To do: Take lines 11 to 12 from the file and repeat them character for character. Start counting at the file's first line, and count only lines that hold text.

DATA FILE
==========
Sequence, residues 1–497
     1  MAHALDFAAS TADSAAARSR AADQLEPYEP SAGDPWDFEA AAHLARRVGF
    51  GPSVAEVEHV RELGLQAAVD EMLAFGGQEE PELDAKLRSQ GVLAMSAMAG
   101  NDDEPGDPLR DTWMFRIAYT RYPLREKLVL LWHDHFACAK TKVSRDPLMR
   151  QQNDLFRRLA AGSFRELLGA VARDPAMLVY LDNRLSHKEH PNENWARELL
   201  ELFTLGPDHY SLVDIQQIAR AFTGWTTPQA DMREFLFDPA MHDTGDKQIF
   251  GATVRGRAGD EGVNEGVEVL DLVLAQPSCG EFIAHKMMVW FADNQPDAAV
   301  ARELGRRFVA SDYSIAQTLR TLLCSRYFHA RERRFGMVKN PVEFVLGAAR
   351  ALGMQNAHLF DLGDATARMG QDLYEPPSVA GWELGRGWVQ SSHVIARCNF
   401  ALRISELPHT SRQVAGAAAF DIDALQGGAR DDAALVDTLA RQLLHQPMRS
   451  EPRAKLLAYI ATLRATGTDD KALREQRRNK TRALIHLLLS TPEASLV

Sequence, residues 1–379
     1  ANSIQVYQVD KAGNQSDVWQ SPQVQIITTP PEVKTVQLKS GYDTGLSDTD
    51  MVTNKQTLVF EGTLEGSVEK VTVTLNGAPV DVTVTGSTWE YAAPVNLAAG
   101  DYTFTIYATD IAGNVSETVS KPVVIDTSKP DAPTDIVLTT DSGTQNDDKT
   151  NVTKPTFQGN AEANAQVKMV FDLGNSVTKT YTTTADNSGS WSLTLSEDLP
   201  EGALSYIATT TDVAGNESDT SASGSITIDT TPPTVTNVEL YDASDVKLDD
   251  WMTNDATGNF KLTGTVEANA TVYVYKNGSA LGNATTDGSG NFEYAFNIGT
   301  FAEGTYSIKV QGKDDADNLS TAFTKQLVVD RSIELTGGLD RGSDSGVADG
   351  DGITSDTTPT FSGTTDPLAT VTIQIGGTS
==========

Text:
   451  EPRAKLLAYI ATLRATGTDD KALREQRRNK TRALIHLLLS TPEASLV

Sequence, residues 1–379